Scammers Getting More Brazen

 In Blog, Educational Issues, Featured, Scam Alerts

We have previously cautioned you not to be duped by Internet and mail scams dreamed up by some pretty enterprising thieves.  Most of those revolve around the Internet and e-mails, trying to steal your identity or have you pay tax liabilities that don’t exist.

The latest schemes revolve around phone calls from individuals claiming to be IRS agents who demand immediate payment for fabricated tax liabilities.  Don’t get caught up in these scams.  Always remember, the first contact you will receive from the IRS is letter, never a phone call or e-mail.

Here are some guidelines to follow to avoid becoming a victim:

1.    First and foremost, always remember, the first contact you will receive from the IRS will be by U.S. mail.  If you receive e-mail or a phone call claiming to be from the IRS, consider it a scam.
a.    E-mails – Do not respond or click through to any embedded links.  Instead, forward it to
b.    Phone calls – If someone calls claiming to be an IRS agent, ask for their name, badge number, and phone number.  Tell them your representative will call them back.  Then call this office.

2.    Never provide financial information over the phone via the Internet, or by e-mail unless you are absolutely sure with whom you are dealing.  That includes:

•    Social Security Number – Always resist giving your Social Security number to anyone. The more firms or individuals who have it, the greater the chance it can be stolen.
•    Birth Date – Your birth date is frequently used as a cross check with your Social Security Number. A combination of birth date and Social Security number can open many doors for ID thieves. Is your birth date posted on social media? Maybe it should not be! That goes for your children, as well.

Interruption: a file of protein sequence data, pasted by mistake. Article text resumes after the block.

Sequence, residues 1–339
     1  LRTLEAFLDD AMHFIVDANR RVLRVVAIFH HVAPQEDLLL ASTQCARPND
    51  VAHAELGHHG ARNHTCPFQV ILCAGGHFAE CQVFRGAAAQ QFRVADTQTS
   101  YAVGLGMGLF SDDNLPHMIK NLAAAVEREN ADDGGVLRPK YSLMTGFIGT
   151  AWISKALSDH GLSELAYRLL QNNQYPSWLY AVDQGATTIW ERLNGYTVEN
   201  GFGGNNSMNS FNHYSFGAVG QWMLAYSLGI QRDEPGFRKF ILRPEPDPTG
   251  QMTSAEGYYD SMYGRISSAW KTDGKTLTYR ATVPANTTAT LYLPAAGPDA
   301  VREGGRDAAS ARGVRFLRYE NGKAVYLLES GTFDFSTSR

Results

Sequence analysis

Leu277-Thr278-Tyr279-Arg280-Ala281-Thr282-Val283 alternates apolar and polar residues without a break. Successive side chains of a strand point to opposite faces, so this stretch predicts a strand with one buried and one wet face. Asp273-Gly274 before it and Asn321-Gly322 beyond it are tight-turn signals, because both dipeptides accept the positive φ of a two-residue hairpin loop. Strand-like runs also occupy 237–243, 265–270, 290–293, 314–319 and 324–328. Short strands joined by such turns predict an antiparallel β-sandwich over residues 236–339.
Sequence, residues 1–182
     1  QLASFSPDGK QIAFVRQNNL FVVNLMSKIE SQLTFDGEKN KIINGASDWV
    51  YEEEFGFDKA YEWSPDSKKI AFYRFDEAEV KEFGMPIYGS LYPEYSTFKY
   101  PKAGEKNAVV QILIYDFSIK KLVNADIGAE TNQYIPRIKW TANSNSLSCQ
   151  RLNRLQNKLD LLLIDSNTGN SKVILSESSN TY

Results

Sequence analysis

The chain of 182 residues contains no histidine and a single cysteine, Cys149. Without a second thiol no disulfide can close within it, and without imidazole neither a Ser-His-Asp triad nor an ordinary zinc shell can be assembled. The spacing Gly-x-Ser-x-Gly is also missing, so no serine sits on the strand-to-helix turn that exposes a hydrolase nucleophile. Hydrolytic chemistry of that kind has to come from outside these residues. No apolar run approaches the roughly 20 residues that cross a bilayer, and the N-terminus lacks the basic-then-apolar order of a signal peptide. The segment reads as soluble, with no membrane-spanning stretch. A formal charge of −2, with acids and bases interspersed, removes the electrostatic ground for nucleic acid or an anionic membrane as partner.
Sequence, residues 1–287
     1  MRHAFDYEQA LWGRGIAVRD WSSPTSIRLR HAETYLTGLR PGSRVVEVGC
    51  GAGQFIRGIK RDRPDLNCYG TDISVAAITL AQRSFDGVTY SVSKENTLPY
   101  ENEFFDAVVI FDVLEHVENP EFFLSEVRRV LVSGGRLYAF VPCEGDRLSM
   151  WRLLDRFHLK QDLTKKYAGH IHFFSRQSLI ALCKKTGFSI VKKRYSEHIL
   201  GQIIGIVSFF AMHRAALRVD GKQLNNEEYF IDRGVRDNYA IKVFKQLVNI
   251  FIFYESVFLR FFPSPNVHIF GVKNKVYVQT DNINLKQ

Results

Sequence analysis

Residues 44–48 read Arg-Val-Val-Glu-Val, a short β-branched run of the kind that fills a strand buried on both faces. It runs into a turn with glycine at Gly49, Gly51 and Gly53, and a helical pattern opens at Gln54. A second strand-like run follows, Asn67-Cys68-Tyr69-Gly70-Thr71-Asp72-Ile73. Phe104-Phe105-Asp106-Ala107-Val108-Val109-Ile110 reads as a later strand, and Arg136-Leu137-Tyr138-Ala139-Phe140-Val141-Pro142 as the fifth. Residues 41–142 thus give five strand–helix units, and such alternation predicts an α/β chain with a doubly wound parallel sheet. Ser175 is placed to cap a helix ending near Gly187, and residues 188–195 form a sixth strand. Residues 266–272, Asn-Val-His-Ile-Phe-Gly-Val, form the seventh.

•    Bank Account and Bank Routing Numbers – This along with your name and address will allow thieves to tap your bank accounts. To counter this threat, many banks now provide automated e-mails alerting you to account withdrawals and deposits.
•    Credit/Debit card numbers – Be especially cautious with these numbers, since they provide thieves with easy access to your accounts.

There are individuals whose sole intent is to steal your identity and sell it to others.  Limit your exposure by minimizing the number of charge and credit card accounts you have.  The more who have your information, the greater the chances of it being stolen.  Don’t think all the big firms are safe; there have been several high-profile database breaches in the last year.

The IRS is not the only disguise scammers use.  They pretend to be attorneys representing estates, lottery payouts, and other such subterfuge to draw you into their web.

I was the victim of a scam recently.  I had just been out and spent quite a bit more money than usual.  I received a voice mail on my cell phone and the first part of the message was cut off.  I did get the phone number to call them back.  I assumed it was the fraud department at my bank because they said that if I didn’t call back right away, they were going to put a hold on  my card.  I was trying to unpack the car, get dinner started, put away the groceries, and so I was distracted.  I called the number back, didn’t hear the name of the bank, and they asked me to enter my bank card number so they could look up my account.  I didn’t think and entered it.  Then they asked for my zip code and the expiration date on my card, and I entered those also.  The message I got next was that they could not locate my account, and they  hung up on me.  I was so frustrated that I tried calling again and went through the same thing.  The second time, I heard them say my account at “Barclay Bank.”  Now I don’t have an account at that bank.  So I put the phone number in the search page, and it came up.  Someone was using that to get people’s information so they could access their bank cards.  I called the number of the back of my bank card immediately and cancelled the card.  The customer service representative I spoke to told me that I had given them all the information they needed to access my bank account!  Thankfully, I thought to look it up online.  Fortunately, there was information about that scam.  Some scams are too new for information to be there.  If this ever happens to you, I recommend you call the number on the back of your bank card first and they can put you in touch with their fraud department.

If you ever have questions related to suspect e-mails or phone calls, please give us a call before responding to them.  Our number is 559.924.1225.  You can also look the number up online as I did, or contact the IRS if they are claiming to be from there.

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